The Farplane comes to serve as an elaborate metaphor for the axiom that the dead live on in the memory of those who loved them. After all, the living can actually go to the Farplane to visit the deceased.  And yet, existence in the Farplane is actually no existence at all. Those who go to the Farplane are completely inactive; they remain, forever, exactly as they were when they died—like memories, they do not have any agency to change of their own free will.

Not only will Tidus always live on in the memory of his friends, for they can also visit him at the Farplane. But because this is an inactive existence (like memory), even the addition of the Farplane is not enough for FFX to make the existentialist program appealing (heck, it sure doesn’t satisfy Yuna—she spends an entire sequel roaming Spira in hopes of bringing Tidus back).

I admire Tidus for his naive idealism and his privileging of love, but it is his tragic end that entreats me to love him. He does everything that is asked of him, and more; he saves the world, loves his girl, and breaks a people out of its tradition-soaked oppression. Yet, despite making every effort imaginable to validate and form his own existence, he is nothing more than a memory by the game’s end. His action and sacrifice are presented as laudable, yet there is something more here. At the end of the game (even after multiple plays), I find myself left with a bitter pang akin to nostalgia, a longing for more, perhaps even a need to question my own existence, or at least my own significance. If the existential program of Tidus is correct, and my existence is defined only by my action then I will, indeed, one day be nothing more than a memory, an echo. And while I hope that my memory will live on in positive ways, I fear that such an existence is not enough. I do not want to disappear like Tidus. Is this just the time-honoured longing of our species for meaning beyond our corporal existence, or could it be that this near-universal longing is based on the fact that there is more to life than our brief corporal sojourn on Earth? FFX does not answer these questions; however, one of the reasons I love Tidus is because he lives in the tension of unknowing, he lives these questions, and he invites us to ask them of ourselves.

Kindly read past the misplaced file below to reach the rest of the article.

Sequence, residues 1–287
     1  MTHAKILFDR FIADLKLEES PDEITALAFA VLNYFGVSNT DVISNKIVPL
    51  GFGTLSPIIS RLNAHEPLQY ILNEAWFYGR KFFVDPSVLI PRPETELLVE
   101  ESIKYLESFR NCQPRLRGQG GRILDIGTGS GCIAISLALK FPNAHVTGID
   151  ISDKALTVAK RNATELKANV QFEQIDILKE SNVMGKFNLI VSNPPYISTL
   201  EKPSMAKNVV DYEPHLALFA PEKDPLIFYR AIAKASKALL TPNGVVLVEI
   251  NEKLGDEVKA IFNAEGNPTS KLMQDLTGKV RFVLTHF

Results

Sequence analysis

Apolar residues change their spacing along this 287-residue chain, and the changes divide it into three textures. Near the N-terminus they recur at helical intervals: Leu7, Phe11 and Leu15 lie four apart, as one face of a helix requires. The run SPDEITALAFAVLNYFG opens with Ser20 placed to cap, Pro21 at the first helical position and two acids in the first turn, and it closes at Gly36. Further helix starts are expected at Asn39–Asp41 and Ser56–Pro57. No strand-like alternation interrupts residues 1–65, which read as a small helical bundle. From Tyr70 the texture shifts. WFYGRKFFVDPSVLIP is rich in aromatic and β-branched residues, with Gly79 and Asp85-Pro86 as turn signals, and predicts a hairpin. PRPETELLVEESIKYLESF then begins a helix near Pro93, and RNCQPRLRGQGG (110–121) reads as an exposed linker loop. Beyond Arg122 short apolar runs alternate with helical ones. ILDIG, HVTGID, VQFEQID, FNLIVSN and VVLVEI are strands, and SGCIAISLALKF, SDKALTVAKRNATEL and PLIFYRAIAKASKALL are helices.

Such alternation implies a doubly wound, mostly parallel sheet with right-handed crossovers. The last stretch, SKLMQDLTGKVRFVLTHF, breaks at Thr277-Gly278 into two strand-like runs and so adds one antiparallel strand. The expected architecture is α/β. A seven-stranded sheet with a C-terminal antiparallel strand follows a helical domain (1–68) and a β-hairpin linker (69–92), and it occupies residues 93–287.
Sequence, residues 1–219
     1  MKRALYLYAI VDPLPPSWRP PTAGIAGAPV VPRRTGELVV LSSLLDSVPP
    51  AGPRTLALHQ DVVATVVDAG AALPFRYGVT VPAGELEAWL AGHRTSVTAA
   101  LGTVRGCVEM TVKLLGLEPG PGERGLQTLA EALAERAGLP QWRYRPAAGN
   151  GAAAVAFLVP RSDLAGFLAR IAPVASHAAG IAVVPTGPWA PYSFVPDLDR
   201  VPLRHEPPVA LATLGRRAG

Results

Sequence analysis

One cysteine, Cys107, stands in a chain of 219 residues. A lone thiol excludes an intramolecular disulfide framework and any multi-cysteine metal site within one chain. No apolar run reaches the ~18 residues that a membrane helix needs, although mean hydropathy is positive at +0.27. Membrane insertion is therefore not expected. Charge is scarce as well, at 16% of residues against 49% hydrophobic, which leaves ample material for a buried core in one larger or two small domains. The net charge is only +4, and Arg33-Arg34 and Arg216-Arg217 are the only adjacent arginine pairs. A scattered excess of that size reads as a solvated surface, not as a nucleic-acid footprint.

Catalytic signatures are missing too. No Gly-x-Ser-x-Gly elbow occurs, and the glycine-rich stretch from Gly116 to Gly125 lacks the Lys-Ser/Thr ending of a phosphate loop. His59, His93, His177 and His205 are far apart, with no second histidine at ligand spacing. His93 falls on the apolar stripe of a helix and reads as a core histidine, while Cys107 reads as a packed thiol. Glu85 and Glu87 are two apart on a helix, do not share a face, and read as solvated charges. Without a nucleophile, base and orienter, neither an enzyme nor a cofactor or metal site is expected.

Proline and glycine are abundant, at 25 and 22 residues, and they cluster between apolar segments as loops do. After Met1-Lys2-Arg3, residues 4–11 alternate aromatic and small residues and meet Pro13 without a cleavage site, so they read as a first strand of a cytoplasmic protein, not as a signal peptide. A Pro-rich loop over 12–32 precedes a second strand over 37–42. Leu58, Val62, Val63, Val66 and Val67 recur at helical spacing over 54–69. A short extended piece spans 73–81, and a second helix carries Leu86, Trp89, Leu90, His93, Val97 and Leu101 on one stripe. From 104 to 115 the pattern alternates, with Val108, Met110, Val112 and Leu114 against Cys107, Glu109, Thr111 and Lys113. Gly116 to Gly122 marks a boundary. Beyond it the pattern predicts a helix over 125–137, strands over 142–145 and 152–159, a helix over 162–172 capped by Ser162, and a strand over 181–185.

One response to “Heroes we Love (And some we don’t): Spiritual Reflections on Final Fantasy (Part II)

  1. Pingback: Heroes We Love (And Some We Don’t): Spiritual Reflections on Final Fantasy (Part IV) | thebiblesalesman·